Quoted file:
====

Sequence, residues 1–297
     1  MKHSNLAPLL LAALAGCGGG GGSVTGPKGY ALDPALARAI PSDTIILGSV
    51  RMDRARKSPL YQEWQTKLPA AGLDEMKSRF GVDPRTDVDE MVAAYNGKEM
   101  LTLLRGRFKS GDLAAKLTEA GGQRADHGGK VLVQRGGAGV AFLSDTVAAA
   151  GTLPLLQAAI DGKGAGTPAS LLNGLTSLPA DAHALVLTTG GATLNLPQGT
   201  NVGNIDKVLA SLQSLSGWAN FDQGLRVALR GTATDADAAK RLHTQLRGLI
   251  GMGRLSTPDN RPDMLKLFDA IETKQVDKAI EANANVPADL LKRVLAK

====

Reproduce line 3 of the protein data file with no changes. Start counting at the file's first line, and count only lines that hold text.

    51  RMDRARKSPL YQEWQTKLPA AGLDEMKSRF GVDPRTDVDE MVAAYNGKEM